Monday, April 5, 2010

Fourth Glorious Mystery

Dear JR${}^2$,

I was wondering if you might have any insight a conjectural thought I had regarding various Traditions --- actually, I thought of asking your friend Jack first, mostly because of his ocasional motif: "no-one is told what would have happened". Then I started to worry because these specific Traditions are particularly extrascriptural, and remembering his reticence which I hear troubled you also, I figured it'd be better to ask a fellow Roman. On the other hand, I then remembered how you once mused that Men were from the first given a new gift, to "seek beyond the world, and find no rest therein", so I wondered if maybe we were thinking along similar lines. But enough digression!

From of old we celebrate both the Immaculate Conception and the Assumption to Heaven of Holy Mary the Theotokos; and also it is clear that these points are importantly interlinked. What I started wondering was whether the latter honour accorded to Mary should not have been the destined state of all Men had our first parents not fallen? To flesh out this notion, so to speak, while Mary indeed finally fell asleep, it would seem that she did not suffer the same sundering of body and spirit which is the fate of all Men marked by original sin.

And so, to phrase the question as I might ask it to trouble Jack, does Mary's Assumption show us "what would have happened" to us had we not sinned? I do expect he'd say "no-one is told", meaning that it is a distraction to speculate on such counter-factuals, but it seems to me that his other proscription doesn't apply here: we are told her story --- if not in full, still at least with these important highlights.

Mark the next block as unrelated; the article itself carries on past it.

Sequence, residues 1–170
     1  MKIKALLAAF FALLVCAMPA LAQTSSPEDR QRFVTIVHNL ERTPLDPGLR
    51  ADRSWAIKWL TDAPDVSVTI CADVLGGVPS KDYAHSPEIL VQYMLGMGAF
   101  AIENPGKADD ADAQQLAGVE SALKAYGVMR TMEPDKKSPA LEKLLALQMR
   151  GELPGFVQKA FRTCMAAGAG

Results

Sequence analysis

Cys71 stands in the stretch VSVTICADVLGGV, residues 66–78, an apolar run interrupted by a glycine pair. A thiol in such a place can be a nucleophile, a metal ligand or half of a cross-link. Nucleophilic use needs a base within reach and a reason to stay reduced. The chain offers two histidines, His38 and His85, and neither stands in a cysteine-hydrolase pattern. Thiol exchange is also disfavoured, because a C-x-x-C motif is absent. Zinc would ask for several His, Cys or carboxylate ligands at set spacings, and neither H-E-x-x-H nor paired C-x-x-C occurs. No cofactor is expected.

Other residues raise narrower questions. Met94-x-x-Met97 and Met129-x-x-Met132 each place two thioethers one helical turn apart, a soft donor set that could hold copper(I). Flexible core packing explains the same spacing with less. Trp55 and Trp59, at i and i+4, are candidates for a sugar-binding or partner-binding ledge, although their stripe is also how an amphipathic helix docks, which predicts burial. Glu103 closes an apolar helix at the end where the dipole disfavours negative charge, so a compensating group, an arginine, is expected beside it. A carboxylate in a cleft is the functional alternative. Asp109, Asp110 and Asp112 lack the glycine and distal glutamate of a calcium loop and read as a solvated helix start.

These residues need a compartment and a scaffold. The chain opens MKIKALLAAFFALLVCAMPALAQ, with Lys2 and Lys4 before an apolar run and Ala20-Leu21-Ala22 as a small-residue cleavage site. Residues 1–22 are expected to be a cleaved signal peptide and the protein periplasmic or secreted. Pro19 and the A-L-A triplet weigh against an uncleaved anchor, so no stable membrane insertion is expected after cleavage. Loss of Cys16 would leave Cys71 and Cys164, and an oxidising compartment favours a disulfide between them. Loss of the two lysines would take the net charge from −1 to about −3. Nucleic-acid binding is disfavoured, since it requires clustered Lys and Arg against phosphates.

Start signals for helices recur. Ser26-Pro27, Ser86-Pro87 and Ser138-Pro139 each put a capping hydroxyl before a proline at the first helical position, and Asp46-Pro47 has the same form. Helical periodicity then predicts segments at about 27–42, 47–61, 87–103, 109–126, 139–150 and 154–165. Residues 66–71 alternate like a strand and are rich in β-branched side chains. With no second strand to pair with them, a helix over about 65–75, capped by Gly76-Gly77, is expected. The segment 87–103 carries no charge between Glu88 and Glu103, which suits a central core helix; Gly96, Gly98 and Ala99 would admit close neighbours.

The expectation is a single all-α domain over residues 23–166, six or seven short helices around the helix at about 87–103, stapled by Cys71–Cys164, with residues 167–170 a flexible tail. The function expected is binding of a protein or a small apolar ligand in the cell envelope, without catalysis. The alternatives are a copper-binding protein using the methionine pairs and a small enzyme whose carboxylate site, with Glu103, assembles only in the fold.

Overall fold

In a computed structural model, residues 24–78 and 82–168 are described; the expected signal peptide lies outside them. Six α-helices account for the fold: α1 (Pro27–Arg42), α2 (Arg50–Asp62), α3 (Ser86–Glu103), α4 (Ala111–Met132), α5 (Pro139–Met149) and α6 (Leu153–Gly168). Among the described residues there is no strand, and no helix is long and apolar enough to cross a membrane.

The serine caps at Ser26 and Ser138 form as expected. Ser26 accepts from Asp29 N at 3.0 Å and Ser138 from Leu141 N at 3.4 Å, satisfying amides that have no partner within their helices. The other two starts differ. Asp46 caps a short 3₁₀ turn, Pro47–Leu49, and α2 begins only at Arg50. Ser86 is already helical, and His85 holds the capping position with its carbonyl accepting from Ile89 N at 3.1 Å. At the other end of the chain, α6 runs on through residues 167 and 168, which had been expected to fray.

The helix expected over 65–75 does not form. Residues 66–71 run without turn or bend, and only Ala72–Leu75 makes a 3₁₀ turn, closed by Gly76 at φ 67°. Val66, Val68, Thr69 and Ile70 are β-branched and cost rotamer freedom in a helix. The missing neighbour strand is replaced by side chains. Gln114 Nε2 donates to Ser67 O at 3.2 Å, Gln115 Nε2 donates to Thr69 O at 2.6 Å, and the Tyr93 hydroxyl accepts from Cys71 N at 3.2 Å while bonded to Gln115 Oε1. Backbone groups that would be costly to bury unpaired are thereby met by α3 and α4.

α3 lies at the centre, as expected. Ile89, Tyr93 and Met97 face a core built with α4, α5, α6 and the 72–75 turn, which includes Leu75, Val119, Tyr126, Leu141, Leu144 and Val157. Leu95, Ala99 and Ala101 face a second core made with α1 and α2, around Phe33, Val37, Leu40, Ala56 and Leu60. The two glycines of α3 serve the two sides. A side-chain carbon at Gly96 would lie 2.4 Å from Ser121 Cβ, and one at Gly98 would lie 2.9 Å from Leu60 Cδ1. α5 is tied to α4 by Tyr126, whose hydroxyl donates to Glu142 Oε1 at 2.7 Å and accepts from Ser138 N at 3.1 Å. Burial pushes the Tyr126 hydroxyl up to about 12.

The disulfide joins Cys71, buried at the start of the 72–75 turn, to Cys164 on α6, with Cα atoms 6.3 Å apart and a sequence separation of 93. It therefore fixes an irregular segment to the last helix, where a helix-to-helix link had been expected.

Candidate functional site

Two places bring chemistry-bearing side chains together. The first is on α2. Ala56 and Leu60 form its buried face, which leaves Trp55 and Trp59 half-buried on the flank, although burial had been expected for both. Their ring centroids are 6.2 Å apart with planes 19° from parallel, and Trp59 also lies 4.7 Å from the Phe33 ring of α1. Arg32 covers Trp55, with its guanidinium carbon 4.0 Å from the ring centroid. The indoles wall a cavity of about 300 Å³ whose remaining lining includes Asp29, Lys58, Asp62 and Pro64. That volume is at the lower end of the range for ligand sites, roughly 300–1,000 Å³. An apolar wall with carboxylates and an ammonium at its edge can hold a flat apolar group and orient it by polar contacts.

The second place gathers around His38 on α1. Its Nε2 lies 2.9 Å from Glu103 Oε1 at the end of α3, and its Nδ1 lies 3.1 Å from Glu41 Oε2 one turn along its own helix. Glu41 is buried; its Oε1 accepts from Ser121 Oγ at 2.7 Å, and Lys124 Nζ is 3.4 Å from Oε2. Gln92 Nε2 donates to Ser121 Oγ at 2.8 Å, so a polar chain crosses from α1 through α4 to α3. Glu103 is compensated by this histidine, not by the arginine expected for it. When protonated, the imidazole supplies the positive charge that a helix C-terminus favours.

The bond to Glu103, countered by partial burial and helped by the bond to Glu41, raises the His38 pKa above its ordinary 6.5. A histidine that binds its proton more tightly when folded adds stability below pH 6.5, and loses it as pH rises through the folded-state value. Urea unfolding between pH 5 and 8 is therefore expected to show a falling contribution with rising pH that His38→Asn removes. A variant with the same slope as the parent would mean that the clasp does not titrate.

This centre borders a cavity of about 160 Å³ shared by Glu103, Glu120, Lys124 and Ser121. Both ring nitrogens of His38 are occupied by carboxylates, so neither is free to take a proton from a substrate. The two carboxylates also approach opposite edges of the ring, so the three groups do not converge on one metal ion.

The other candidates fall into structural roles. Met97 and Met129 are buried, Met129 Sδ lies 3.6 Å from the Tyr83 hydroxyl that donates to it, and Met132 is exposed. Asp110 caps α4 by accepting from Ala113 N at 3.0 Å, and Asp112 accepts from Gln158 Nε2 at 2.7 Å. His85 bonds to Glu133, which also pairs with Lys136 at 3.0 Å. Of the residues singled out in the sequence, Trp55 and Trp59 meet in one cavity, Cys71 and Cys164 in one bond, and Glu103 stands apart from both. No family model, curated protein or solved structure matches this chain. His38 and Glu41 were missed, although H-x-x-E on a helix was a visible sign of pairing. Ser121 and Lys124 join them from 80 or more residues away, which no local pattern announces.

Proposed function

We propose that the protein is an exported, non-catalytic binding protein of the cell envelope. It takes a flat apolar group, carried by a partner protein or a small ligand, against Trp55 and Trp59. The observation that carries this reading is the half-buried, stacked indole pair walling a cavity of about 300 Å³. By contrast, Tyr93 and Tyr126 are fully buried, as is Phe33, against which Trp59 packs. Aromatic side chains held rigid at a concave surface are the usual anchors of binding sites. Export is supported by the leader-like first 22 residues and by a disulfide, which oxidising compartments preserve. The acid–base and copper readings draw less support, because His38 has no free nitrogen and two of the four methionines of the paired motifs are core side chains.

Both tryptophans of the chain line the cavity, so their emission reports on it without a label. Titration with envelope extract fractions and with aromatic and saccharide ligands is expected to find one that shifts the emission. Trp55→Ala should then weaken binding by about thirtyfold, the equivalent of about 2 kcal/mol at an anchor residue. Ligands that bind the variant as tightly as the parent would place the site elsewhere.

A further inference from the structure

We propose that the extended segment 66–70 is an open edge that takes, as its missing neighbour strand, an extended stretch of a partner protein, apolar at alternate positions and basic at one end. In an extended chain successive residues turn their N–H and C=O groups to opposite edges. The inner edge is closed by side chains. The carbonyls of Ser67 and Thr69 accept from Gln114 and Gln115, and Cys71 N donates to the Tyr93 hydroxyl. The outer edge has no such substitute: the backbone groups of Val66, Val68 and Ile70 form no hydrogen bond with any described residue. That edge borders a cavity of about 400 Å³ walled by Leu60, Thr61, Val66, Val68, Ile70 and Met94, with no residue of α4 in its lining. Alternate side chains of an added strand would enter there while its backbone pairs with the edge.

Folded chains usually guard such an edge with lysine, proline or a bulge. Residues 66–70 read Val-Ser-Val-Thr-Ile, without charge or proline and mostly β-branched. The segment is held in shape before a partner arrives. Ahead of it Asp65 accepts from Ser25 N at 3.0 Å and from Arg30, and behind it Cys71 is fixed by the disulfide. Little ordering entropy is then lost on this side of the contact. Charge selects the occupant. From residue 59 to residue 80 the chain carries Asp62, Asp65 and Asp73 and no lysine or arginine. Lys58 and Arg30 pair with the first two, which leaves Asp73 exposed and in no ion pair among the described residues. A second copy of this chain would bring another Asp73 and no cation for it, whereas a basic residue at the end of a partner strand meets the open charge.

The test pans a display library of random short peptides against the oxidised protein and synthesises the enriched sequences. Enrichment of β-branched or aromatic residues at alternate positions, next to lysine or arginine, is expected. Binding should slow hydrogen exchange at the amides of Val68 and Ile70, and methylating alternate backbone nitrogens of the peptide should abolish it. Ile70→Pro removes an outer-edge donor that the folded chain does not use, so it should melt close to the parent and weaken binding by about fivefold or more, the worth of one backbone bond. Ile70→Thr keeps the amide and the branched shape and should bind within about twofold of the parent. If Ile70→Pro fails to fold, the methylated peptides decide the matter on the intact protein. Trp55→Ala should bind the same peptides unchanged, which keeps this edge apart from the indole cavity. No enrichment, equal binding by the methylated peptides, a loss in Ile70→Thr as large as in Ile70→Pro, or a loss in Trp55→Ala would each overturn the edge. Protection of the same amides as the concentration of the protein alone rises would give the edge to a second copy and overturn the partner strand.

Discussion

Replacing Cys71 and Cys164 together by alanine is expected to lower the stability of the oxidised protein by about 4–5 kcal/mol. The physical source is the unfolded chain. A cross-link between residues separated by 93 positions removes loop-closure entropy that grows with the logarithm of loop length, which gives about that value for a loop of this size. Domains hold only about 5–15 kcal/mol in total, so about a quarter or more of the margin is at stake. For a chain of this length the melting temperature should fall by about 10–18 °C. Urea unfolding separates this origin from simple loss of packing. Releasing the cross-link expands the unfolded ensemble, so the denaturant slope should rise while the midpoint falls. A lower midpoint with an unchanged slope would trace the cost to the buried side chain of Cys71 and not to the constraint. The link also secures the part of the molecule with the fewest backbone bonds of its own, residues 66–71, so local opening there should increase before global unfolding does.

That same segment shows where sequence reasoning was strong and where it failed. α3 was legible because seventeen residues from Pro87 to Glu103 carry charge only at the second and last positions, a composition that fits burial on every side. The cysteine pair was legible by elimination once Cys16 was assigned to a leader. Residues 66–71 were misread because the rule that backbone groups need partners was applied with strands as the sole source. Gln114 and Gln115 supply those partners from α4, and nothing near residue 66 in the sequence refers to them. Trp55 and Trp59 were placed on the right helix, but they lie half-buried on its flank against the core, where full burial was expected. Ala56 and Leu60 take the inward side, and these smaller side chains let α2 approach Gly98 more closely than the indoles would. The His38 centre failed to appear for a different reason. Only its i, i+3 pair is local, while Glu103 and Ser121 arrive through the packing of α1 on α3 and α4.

A distantly-related thought that occurs to me in this connection is that we often speak of Purgatory as having its own sort of time --- it works a process, gradually --- which suggests to me that it's tightly linked to the world we inhabit in our beginning, and I might even guess that purgatory was created after the fall, an invention as it were to make up for the defects we adopted in sinning. But it's also an important fact of purgatory that our souls pass through it without our bodies; even that our bodies would, echoing Jack's notions, "get in the way" of the cleansing flame. One might say that Mary could keep her body because her soul didn't need such cleansing, but I think it would be more proper to say we must lose ours for half of Time specifically because our souls do need it.

In the back of my head, at the same time, I've this notion that Mary's assumption holds an important confirmation of the Easter Promise: Specifically, Easter promises that death is not the terminus of our existence, but a new birth; but in the assumption we see that this new life isn't a "new thing", rather it's the promised return to us of our proper nature as seen in the entirely human Mary, lost under our sins, and liberated through God's merciful and gratuitous forgiveness.

Of course, this doesn't give the least inkling of the real mystery in Easter, or the Assumption; I'm keen to learn what you make of my nonsense?

an avid reader

PS. Now I've learned to count...


Amy said...

Hmm I have wondered this myself! I think so, yes! The Assumption of the Blessed Virgin shows us the happy fate of those never tainted by sin, who are taken up to rejoice with God immediately at the end of their earthly lives.

/dev/null said...

Oh, hello again! Good to see you drop by; but I shall have to review the story of Elijah, I suppose.

Say hello to Mr. for me, too!

Amy said...

I always read, I just can't comment intelligently on most of your posts, haha! Too mathy for me :(

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